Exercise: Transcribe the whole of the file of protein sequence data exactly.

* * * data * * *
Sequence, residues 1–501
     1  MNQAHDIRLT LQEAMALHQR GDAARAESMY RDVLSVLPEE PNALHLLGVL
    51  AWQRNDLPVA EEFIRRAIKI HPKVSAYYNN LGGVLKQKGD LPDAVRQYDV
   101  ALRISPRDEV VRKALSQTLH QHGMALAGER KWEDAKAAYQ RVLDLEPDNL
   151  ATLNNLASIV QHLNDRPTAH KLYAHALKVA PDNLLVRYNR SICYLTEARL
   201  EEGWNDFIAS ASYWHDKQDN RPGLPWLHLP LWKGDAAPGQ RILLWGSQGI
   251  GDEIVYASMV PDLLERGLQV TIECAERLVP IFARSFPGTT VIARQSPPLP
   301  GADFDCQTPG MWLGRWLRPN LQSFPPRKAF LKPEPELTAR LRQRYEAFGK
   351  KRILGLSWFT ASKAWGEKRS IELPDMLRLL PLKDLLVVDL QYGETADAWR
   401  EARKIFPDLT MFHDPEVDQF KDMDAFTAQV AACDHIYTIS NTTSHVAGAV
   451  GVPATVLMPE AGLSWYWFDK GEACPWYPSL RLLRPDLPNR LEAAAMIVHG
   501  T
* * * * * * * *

Sequence, residues 1–501
     1  MNQAHDIRLT LQEAMALHQR GDAARAESMY RDVLSVLPEE PNALHLLGVL
    51  AWQRNDLPVA EEFIRRAIKI HPKVSAYYNN LGGVLKQKGD LPDAVRQYDV
   101  ALRISPRDEV VRKALSQTLH QHGMALAGER KWEDAKAAYQ RVLDLEPDNL
   151  ATLNNLASIV QHLNDRPTAH KLYAHALKVA PDNLLVRYNR SICYLTEARL
   201  EEGWNDFIAS ASYWHDKQDN RPGLPWLHLP LWKGDAAPGQ RILLWGSQGI
   251  GDEIVYASMV PDLLERGLQV TIECAERLVP IFARSFPGTT VIARQSPPLP
   301  GADFDCQTPG MWLGRWLRPN LQSFPPRKAF LKPEPELTAR LRQRYEAFGK
   351  KRILGLSWFT ASKAWGEKRS IELPDMLRLL PLKDLLVVDL QYGETADAWR
   401  EARKIFPDLT MFHDPEVDQF KDMDAFTAQV AACDHIYTIS NTTSHVAGAV
   451  GVPATVLMPE AGLSWYWFDK GEACPWYPSL RLLRPDLPNR LEAAAMIVHG
   501  T